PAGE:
• The sequence in The Ring of Solomon in which Bartimaeus reveals that A.) he's still alive and B.) he's snatched Solomon's ring. First, after hearing Solomon express disbelief to Asmira that a "mere djinni" could have helped her in breaking into his private chambers, he reveals himself as "a mere djinni who, while you two were chattering away like fishwives, has got himself a ring." Then, when Solomon fails to recognize him in his sand-cat guise, which he's never seen before, he gives his name as Bartimaeus, only for Solomon to still be stumped. Bartimaeus, aggravated, then reverts to a previous form - a pygmy hippo in a skirt that's intended as a comic reference to one of Solomon's numerous wives, specifically the one from Moab. Solomon never does catch on to the reference, but he does finally recognize, with a shock, the djinni who previously made fun of him and disrespected the sanctity of his temple.
  • In The Ring of Solomon, Bartimaeus provokes his fellow djinn under Khaba the Cruel to bickering and Khaba responds by thoroughly whipping them with his essence flail. Afterwards...
    Bartimaeus: I think he forgives us, Faquarl. Look, he's smiling.
    Faquarl: Remember, Bartimaeus, we're upside-down.
    Bartimaeus: Oh. Right.
  • Bartimaeus's list in The Ring of Solomon of things that aren't allowed in Solomon's Jerusalem. They include eating guests of Jerusalem, fighting, devouring servants, running in the corridors, cursing, drawing rude stick figures on the harem walls, causing unpleasant smells to permeate the kitchens, and spitting on the upholstery. And these are just the things that he's been specifically told off for doing.
  • In Ptolemy's Gate, Quentin Makepeace informs Nathaniel that his play that they're watching, From Wapping to Westminster, is drawing to a close, despite having only just started.
    Nathaniel: This is admirab—remarkably short.
  • In The Amulet of Samarkand, Arthur Underwood takes Nathaniel (newly officially named "John Mandrake") to Parliament for the address by the Prime Minister. Not wanting Nathaniel to embarrass him, he tells him the tale of the apprentice of Disraeli, who tripped on the steps of Westminster and sent Disraeli tumbling into the Duchess of Argyle, a "well-padded" lady who broke his fall. Disraeli then clapped his hands, causing darkness to fall and when it lifted, there was an iron statue in the shape of the boy holding a boot scraper, which everyone entering the hall for the past 150 years has been able to use. Nathaniel's reaction to this tale is "Really, sir? Will I see it?", causing Underwood to explain that his point is that if Nathaniel embarrasses him in any way, he'll make sure there's a matching hat stand. Nathaniel acts contrite at this, but internally notes that the formula for petrification likely involves summoning an afrit of considerable power, one that someone with his master's highly limited abilities would be unlikely to ever be able to manage.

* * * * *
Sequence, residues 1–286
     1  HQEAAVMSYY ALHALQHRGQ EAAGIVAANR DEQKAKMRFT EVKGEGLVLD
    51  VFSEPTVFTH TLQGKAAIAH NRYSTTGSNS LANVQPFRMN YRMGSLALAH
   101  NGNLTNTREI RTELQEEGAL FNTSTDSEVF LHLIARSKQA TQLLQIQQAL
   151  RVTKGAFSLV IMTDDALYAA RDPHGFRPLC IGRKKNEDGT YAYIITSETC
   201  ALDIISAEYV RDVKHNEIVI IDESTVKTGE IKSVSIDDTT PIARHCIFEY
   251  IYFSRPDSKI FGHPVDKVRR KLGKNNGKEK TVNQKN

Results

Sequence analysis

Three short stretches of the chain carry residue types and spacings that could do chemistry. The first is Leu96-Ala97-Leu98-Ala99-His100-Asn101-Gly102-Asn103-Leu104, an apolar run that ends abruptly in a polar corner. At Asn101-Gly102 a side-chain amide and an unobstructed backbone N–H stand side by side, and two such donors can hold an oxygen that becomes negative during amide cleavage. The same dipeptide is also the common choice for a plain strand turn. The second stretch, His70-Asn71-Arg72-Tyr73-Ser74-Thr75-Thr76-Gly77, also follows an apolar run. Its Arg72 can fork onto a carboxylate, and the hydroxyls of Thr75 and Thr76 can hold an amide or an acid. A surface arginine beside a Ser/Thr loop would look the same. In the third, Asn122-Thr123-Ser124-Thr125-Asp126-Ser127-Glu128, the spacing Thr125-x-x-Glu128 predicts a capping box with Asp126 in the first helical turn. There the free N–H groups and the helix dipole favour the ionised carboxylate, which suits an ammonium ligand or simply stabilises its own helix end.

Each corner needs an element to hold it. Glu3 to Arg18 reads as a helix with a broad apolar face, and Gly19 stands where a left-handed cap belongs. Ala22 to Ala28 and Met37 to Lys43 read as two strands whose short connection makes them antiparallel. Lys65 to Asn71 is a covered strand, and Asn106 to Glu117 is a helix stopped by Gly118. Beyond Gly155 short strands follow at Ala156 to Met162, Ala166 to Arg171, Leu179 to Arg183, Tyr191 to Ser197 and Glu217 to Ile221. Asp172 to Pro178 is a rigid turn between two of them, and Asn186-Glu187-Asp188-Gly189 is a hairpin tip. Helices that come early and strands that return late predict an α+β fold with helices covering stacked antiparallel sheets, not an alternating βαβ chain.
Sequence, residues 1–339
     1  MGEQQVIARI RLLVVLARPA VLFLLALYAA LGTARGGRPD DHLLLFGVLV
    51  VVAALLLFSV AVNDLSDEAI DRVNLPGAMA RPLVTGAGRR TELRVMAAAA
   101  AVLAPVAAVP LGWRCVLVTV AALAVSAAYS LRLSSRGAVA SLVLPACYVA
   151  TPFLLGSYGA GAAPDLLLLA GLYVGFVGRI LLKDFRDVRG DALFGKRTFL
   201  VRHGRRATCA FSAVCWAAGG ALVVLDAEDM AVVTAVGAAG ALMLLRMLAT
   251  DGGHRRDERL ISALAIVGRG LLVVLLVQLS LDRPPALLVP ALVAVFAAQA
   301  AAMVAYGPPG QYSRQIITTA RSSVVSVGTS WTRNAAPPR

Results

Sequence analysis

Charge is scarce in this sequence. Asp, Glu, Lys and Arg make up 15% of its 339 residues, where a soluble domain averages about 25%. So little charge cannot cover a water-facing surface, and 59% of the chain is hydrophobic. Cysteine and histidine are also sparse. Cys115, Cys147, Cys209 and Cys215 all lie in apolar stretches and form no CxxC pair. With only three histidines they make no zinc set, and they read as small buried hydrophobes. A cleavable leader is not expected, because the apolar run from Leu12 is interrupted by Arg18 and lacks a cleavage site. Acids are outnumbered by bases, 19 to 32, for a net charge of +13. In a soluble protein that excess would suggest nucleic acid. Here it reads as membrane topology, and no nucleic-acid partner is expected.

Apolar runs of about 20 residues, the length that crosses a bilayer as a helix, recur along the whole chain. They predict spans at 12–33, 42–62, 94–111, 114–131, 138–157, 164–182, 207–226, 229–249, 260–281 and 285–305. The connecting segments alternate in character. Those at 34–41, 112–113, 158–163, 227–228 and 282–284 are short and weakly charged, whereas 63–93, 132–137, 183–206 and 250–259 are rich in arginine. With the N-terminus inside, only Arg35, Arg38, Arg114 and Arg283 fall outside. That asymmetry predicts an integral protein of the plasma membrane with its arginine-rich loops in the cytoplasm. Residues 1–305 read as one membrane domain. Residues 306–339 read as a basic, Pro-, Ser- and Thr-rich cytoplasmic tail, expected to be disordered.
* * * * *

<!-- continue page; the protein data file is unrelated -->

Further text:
• In The Golem's Eye, Bartimaeus notes that Queezle's master is probably safe undercover somewhere. Queezle comments that while he claims to be in signaling distance, he's probably holed up in a magician's bar with a bottle in one hand and a girl in the other. She asks what his is like and he replies that his is the same or worse, that he'd have both the girl and the bottle in the same hand. However...
    Bartimaeus: (footnote) Manifestly untrue. Despite his crimped shirts and flowing mane (or perhaps because of them) I had seen no evidence as yet that Nathaniel even knew what a girl was. If he'd ever met one, chances are they'd both have run screaming in opposite directions. But in common with most djinn, I generally preferred to exaggerate my master's foibles in conversation.
  • In Ptolemy's Gate, Bartimaeus and Kitty are discussing how long it will take for enough resilience to build up in the population of Britain's commoners to allow a successful revolt against the magicians. He estimates about fifty years.
    Bartimaeus: With luck you might see it happen when you're a sweet, old granny, dandling fat babies on your knee. Actually— (holding up his hand to interrupt a cry of protest) —no, that's wrong. My projection is incorrect.
    Kitty: Good.
    Bartimaeus: You'll never be a sweet old granny. Let's say, 'sad, lonely old biddy' instead.
  • In The Golem's Eye, Nathaniel fumes as Bartimaeus seemingly disobeys his orders, which were to stop Kitty from getting away if she broke the agreement between him and her. When Kitty takes off, Nathaniel wonders why Bartimaeus isn't acting, until finally Bartimaeus explains...
    But that agreement is null and void. You broke it yourself, not two minutes ago–in a particularly noxious manner, if I may say so. So she can hardly be breaking it herself, can she? Listen, if you put that Staff down, you can tear your hair out more easily.
  • In Ptolemy's Gate, Bartimaeus agrees to have his essence sublimated inside Nathaniel, but objects to the incantation which Nathaniel uses to accomplish it.
    The incantation was a tad improvised, I felt—didn't have the elegance and refinement I was used to. The clause "snare this cursed demon Bartimaeus and compress him with unmerciful precision" was a little crude, for instance, and could have been misinterpreted. But it seemed to do the trick.
  • From Bartimaeus' journal, not blog, thank you. In a prime example of Black Humor and The Dog Bites Back, Bartimaeus deals with a magician who remorselessly abuses both himself and her apprentice:

    The woman knew the words well enough, but couldn't do it for fear of stammering. She did her best to keep her temper, prompting, encouraging, cajoling and imploring, while the cat sat quietly in its circle as if it wasn't watching.

    The boy shrugged. "I've forgotten it," was all he said. And then, "I guess I wasn't taught well enough."

    At this, the magician's fury knew no bounds. She reached out of her circle and slapped the apprentice round his head. But by doing so, she broke her protective seal. The cat stretched languidly; the stretch arched up, widened, became lime-green. Fur became scales. The serpent's mouth opened wide as a grave; it came down upon the woman and swallowed her whole, like a snake does an egg, down to the heels of her quivering shoes.

    The serpent closed its mouth; a bulge retreated slowly along its coils. It looked at the boy, still standing safely in the circle of his own.

    "Goodbye," he said.

    "G'bomf," I said. Well, I had my mouth full.